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Preparing your geometry for Solidworks Simulation

Learn Bianca 5 September 2019

Before we go ahead and analyse our structure in Solidworks Simulation we need to consider if the geometry is suitable for finite element analysis.

Some of the things that need to be investigated before starting the analysis include

  • What parts need to be analysed
  • Can you use simulation features to replace parts
  • Is the geometry suitable for the mesh
  • Can the geometry be simplified
  • Are there any problems with the geometry

A good approach to simulation is start simple and add complexity.  This applies to the geometry as well as the simulation setup.  Consider starting with a part or just a few parts and get a small simple analysis running and then add complexity. Starting with a large assembly and creating a study without even considering if the geometry is suitable to use in finite element analysis will cause problems.  For instance, interference is not supported (except with shrink fit analysis) so before starting an analysis on an assembly or multibody part you will need to analyse for interference and remove it.  This can be done using Tools-> evaluate-> interference detection.

Preparing your geometry for solidworks simulation

Consider if you remove parts altogether.

Can you simplify the assembly by removing bodies that don’t need to be analysed and replace them with forces or restraints?  Or can you replace then with simulation features such as remote masses, rigid parts, virtual walls, bolt, pins, bearings, links, or rigid connection etc.

Do you need to change the geometry?

Consider what type of mesh you will use, if you are going to use a shell mesh do you need to create mid-surfaces and remove the solid geometry?
Can you use symmetry?  This one is missed all too often.  If the geometry, loads and response are symmetric you can cut your model in half reducing setup and run times and adding stability.
Do you need to change the geometry to be better suited to mesh and bond?  For example, can you remove gaps between solids and shells and merge bodies if they are going to be bonded and made of the same material? It might seem trivial with a few bodies but when you have many bodies it makes setting up and modifying the simulation faster.  Should you split faces to ensure compatible mesh?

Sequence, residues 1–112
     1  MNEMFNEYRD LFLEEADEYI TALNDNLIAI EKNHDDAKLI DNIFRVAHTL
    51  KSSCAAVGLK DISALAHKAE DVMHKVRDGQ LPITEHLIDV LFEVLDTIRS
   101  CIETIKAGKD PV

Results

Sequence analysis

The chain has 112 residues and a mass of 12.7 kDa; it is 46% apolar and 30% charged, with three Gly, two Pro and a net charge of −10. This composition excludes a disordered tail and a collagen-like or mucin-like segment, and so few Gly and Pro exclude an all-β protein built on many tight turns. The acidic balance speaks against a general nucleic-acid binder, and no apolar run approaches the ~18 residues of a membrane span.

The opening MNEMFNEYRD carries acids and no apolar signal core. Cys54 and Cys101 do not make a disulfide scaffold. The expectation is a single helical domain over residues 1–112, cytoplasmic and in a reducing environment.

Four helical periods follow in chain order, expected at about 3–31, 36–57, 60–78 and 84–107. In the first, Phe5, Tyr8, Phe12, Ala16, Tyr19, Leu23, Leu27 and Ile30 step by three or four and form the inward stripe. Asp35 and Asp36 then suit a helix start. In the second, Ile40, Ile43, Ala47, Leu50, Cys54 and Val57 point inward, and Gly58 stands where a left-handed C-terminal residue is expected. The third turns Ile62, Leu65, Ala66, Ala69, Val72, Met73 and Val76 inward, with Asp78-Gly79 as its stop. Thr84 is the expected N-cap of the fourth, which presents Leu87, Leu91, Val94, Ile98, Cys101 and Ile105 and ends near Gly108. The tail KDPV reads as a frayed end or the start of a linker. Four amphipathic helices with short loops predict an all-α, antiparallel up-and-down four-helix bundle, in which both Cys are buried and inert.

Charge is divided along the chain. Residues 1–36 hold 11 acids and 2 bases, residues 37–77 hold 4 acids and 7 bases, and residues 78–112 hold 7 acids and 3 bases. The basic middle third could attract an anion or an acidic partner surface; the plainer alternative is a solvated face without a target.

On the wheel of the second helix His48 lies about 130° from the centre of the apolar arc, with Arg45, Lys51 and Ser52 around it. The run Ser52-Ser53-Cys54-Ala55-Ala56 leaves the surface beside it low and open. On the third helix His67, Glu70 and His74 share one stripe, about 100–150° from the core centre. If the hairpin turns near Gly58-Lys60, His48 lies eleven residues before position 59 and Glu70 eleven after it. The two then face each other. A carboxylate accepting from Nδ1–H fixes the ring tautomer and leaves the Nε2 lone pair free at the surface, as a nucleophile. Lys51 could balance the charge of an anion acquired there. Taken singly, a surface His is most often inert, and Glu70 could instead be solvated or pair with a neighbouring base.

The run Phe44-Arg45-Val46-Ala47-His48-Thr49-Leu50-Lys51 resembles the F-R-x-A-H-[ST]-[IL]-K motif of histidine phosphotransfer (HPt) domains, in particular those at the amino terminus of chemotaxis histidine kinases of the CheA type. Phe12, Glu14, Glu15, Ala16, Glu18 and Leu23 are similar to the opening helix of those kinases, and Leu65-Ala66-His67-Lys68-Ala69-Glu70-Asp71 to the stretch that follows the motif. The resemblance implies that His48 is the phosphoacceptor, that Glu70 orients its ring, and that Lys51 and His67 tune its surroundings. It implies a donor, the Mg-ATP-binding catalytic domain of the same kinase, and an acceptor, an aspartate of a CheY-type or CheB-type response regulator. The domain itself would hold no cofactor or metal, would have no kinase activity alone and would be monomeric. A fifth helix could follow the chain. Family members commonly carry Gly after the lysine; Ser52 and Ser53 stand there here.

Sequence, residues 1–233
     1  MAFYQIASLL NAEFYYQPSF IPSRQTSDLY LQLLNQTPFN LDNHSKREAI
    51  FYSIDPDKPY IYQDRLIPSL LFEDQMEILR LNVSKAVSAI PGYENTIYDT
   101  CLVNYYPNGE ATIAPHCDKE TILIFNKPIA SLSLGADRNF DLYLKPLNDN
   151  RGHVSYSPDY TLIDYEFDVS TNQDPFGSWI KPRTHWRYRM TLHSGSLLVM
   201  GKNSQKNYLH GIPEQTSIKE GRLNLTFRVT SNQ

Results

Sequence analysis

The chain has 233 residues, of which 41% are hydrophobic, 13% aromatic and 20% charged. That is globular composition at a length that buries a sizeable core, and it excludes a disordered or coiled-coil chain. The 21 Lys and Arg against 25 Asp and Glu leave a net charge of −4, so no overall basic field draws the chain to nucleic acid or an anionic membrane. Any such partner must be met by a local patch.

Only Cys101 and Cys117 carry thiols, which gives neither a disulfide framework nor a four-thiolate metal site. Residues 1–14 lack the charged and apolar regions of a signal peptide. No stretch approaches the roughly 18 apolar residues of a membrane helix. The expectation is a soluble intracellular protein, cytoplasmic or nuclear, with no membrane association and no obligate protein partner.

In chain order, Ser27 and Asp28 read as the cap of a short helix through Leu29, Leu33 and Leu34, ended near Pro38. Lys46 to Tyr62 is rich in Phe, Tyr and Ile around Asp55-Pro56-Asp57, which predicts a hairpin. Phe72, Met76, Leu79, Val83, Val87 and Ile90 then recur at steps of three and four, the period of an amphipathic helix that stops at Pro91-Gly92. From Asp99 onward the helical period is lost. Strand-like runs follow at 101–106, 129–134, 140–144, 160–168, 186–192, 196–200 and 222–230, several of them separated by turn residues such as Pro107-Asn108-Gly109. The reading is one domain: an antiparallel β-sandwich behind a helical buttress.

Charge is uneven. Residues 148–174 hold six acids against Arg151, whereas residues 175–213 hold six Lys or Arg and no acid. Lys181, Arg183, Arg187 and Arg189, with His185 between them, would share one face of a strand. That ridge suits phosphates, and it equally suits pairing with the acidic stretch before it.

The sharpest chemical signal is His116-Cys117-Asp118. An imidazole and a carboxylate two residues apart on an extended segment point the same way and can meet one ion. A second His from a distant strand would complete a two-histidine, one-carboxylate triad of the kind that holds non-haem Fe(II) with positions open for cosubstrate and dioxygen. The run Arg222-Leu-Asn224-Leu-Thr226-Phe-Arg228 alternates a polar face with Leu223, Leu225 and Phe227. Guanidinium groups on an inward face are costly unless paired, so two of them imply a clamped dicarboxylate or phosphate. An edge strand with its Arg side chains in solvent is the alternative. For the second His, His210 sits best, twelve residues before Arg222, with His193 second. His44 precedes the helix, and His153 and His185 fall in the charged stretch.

Remember you can save an assembly as a part which can make working with the bodies easier.

Can you need to Simplify and defeature?

The more complex the geometry, the smaller the elements that are required to conform to the geometry resulting in more complex mesh and longer running times. Can you remove unnecessary features that do not impact the structural integrity i.e. the strength or stiffness.  For example, cosmetic features like logos, external fillets, small holes and small entities. There is a utility that can assist with this process.  On the analysis preparation tab, you will find a simplify command.  This allows you to create a new configuration without unrequired features.

Preparing your geometry for solidworks simulation

For further information see http://help.solidworks.com/2019/english/SolidWorks/sldworks/t_simplifying_parts.htm

Lastly are there geometry problems that would prevent the geometry being meshed successfully?

Small or invalid geometry can cause the mesh to fail.  To identify these, we can use the following 2 tools.
1. Check.  Found under Tool-> evaluate -> or on the evaluate tab.
2. Geometry analysis. Found under Tools-> Geometry analysis or on the evaluate tab.

Preparing your geometry for solidworks simulation

These tools analyse the geometry and identifies potentially problematic geometry such as invalid faces and edges as well as short edges, small faces, silver surfaces and discontinuous edges and faces.

For further information on how to use these see the Solidworks Help.

Bianca Roberts
Applications Engineer
Central Innovation, Melbourne

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